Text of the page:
ActionAIDS expands mission, leaving storied name behind

Don Sapatkin, Staff Writer

Updated: Monday, June 13, 2016, 1:15 PM

Kevin J. Burns, executive director of Action Wellness, announced the Philadelphia services organization's new name Monday, saying it reflected a mission beyond what its old name, ActionAIDS, conveyed.

Thirty years ago, when medicine could do little for people with HIV, Kevin J. Burns was a volunteer in a buddy system where buddies never came back.

Kevin J. Burns, executive director of Action Wellness, and the group's new logo. The organization was founded as ActionAIDS when HIV was a relatively new disease and the prognosis was nearly always bad. Lifesaving drugs have led the group to cover a broader range of issues. DON SAPATKIN / Staff (left) </br><b>Sidebar:</b> <a href="">Finding the Best Treatment: Where should you start? What should you ask? Whom should you trust?</a> </br><a href<b>Graphic:</b> <a href=""> The Longer You Keep Off Drugs, the More Likely You Are to Stay Off</a> DON SAPATKIN / Staff (left)
Photo Gallery: ActionAIDS expands mission, leaving storied name behind

"By and large, we did hospice care, helping people die with dignity," Burns said in recalling the early days of ActionAIDS, which grew into one of the largest and best recognized HIV services organizations in Philadelphia.

When lifesaving drugs became available, a priority became getting them to clients. Gradually, as people lived longer, the organization provided more services to manage a range of chronic diseases - HIV being a key one, but not the only one - that afflicted its patients.

On Monday, its name changed, too: Action Wellness.

"The goal for all of our clients will be to help them maintain and achieve wellness," said Burns, the longtime executive director, during an announcement at the group's offices in Center City. "People living with chronic illness, especially in poverty, do not have easy access to care."

Burns said the name change had been under consideration for a year, and mission was not the only reason. Some clients said they felt stigmatized by the word AIDS. And with government funding for AIDS services declining, Burns said, his organization as well as others around the country see a broadened mission as necessary to their survival.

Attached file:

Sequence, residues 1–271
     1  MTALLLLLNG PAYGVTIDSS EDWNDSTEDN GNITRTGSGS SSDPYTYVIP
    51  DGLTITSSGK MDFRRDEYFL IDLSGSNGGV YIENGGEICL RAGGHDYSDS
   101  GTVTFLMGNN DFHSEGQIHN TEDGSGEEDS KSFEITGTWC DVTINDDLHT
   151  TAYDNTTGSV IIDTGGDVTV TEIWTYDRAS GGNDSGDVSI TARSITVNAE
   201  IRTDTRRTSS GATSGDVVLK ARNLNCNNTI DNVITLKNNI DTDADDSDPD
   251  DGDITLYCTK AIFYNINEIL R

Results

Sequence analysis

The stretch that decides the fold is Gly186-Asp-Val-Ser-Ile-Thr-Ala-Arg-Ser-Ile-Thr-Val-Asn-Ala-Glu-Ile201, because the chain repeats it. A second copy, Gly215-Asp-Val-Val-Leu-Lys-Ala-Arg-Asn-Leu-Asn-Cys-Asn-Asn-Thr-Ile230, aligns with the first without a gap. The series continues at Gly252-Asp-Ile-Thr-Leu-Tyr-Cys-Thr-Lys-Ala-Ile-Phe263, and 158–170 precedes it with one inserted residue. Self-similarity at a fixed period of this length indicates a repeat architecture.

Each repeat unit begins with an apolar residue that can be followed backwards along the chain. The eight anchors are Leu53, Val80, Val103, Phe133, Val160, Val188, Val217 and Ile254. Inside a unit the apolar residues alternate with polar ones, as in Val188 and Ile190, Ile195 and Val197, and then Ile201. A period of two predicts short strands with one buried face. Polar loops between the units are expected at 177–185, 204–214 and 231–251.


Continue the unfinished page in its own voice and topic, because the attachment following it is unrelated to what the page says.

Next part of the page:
The organization ( has about 100 staff members and 350 volunteers. They provide medical case management, a range of health screening and preventive services, and supportive housing to more than 4,000 clients at five locations around the city and in Chester.

About two-thirds are straight, one-quarter are gay or lesbian, and 6 percent bisexual, with the orientation or identity of the remainder unknown. All are HIV-positive; the organization expects to start serving some uninfected clients.

Facing a room packed with nearly 100 staff, volunteers, and others, Burns began Monday's presentation with a moment of silence to acknowledge the terror attack that killed dozens of people at a gay club in Florida. Afterward, his voice breaking, he had trouble returning to the script.

ActionAIDS was created in 1986 "to connect those living with HIV/AIDS to essential services they needed and to be a 'friend for life' so that no one would face their illness alone," according to the organization's literature.

That mission is continuing, but Dan Dibuo, a board vice president, pointed out that illness is not the only way to die alone. He said he cried all day Sunday - for the people who died in Orlando, and for how they died. Some may be outed when their names are released, he said, "victims in two senses."

"Or they were lying on that floor or in a hospital alone," Dibuo said, because they had not been ready to come out as gay to coworkers and families, who then "wouldn't know to check on them."



Don Sapatkin, Staff Writer

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